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Court strikes out Patience Jonathan’s N2b rights suit

The Federal High Court, Abuja on Tuesday struck out the breach of fundamental human rights suit filed by the wife of former President Goodluck Jonathan, Patience Jonathan.
Delivering judgment, Justice John Tsoho held that the applicant had not placed enough evidence before the court to show that her rights had been violated by the Economic and Financial Crimes Commission.
On the issue of illegal entry into her home and those of her relatives raised by the applicant, Tsoho held that the evidence adduced was not sufficient to earn Jonathan the prayer.
He held: “The applicant had based her allegation on unverifiable online publications.
“The EFCC denied the allegation and there is no strong evidence to show that EFCC raided her house or those of her relatives.”
On the freezing of her accounts, the judge held that the EFCC had the statutory rights to investigate all suspected financial deals in the country.
He said: “The respondent (EFCC) had alleged that humongous deposits were made into the applicant’s account and that some of the inflows were from government establishments.
“The anti-graft had satisfied the court when it averred that most of the deposits were proceeds of money laundering.”
The judge, therefore, held that Jonathan was not entitled to any of the reliefs she had sought having failed to place sufficient evidence before the court.
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“Consequently, the suit is struck out for lacking in merit,” he said.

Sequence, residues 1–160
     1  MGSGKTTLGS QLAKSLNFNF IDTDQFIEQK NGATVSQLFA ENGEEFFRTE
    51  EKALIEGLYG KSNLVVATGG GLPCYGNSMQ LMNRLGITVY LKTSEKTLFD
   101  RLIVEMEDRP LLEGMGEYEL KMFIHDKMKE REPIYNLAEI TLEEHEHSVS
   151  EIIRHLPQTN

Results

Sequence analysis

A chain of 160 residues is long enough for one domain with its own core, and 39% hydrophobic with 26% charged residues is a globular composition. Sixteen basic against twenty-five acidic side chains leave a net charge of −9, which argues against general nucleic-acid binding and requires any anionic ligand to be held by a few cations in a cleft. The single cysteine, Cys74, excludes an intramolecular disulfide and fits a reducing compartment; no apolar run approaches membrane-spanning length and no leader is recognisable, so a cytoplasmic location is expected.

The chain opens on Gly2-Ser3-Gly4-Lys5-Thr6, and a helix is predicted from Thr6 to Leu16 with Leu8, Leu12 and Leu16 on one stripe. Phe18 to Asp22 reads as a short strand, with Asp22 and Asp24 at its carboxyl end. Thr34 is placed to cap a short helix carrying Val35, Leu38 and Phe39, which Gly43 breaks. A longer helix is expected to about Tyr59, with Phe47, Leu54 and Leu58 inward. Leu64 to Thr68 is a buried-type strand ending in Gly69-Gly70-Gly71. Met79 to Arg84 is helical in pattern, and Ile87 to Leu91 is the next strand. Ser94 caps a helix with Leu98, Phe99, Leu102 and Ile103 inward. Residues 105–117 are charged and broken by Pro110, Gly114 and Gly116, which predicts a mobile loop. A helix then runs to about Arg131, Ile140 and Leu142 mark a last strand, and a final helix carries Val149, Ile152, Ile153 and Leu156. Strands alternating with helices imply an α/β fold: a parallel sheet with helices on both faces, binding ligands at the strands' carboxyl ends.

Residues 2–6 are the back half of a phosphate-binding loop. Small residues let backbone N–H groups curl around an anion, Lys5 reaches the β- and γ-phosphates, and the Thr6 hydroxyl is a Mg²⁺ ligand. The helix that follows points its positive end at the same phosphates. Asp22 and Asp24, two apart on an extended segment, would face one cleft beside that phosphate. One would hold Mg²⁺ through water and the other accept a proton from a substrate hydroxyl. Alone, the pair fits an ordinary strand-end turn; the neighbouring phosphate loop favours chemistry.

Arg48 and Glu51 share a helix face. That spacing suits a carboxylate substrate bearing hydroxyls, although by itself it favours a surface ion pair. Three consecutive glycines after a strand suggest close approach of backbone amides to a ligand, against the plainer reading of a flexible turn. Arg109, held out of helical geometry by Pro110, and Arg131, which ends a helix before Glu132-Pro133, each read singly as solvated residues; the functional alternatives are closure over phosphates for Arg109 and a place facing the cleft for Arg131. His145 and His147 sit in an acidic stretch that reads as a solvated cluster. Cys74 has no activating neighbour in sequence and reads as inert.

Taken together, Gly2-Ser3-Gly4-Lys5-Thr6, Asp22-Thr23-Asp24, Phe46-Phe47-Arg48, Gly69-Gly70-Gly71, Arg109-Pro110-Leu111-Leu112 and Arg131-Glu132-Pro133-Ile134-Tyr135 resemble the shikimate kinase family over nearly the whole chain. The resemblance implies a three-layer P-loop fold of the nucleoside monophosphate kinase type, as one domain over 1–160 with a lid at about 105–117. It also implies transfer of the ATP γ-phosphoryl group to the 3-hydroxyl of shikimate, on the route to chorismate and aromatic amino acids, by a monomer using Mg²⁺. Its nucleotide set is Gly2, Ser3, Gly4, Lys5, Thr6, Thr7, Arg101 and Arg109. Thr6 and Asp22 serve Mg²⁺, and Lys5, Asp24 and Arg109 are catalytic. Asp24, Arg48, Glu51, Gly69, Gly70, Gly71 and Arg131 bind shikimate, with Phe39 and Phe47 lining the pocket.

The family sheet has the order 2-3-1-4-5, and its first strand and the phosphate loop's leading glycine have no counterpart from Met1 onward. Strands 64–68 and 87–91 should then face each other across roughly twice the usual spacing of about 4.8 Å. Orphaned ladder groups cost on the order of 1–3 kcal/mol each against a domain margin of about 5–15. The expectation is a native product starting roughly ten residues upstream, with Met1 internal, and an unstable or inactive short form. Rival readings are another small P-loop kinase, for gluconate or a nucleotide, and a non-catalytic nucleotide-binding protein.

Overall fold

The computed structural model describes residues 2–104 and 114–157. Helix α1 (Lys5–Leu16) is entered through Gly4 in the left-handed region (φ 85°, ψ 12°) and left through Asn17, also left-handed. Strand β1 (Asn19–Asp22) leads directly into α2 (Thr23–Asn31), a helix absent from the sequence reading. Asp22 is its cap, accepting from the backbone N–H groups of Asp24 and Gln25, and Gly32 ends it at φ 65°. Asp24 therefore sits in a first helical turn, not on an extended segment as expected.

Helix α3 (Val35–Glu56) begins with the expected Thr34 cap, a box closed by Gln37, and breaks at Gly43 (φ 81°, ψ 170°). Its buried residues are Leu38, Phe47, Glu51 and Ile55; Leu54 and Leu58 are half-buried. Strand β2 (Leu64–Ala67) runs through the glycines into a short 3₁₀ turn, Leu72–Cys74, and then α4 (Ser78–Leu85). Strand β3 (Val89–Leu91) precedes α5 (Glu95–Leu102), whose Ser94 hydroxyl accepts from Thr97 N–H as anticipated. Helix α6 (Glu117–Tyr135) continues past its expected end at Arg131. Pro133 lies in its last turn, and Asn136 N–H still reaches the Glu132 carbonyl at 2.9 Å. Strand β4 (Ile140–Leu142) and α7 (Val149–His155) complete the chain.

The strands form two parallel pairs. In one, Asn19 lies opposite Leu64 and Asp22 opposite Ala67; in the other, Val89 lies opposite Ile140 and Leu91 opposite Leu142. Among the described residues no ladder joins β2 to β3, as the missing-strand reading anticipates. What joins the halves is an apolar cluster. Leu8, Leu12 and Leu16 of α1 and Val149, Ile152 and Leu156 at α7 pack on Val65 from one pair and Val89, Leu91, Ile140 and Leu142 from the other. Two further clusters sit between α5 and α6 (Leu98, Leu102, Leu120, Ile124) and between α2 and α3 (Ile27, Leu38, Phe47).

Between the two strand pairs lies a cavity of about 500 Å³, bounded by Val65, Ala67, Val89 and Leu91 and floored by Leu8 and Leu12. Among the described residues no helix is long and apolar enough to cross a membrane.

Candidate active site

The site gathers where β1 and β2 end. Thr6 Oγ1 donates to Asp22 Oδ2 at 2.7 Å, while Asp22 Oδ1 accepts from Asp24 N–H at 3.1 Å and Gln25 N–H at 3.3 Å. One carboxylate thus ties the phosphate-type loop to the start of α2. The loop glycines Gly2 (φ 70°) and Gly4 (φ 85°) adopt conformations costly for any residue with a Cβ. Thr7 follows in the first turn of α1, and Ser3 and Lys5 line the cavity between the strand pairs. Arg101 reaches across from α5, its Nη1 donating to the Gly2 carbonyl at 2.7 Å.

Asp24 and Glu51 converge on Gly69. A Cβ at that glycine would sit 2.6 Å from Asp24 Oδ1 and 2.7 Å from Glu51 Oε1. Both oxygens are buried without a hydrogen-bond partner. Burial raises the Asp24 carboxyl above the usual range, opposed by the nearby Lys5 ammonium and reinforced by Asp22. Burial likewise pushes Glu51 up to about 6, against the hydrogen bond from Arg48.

The ex-president’s wife had filed the suit asking the court to compel the EFCC to stop the serial manner in which her fundamental rights to privacy, dignity and fair hearing had been breached.
The former first lady had demanded N2 billion from the EFCC as general damages and compensation for the violation of her rights.
She also sought a declaration that the freezing of her bank accounts and those of her relatives by the commission without court order was a violation of her rights to own property.
It would be recalled that on November 16, 2017, Jonathan’s counsel, Ifedayo Adedipe (SAN), told the court that the EFCC had taken it upon itself to be an aggressive persecutor of his client.
Adedipe had submitted that the EFCC arbitrarily pronounced that the houses or funds acquired by her client were proceeds of crime.
He had, therefore, prayed the court to order the EFCC to desist from the incessant harassment of his client.
Adedipe said the commission must be compelled act within the limit of the law that established it.
Farouk Abdullah, the Counsel to EFCC, had opposed the application and prayed the court to dismiss same for lacking in merit Farouk Abdullah
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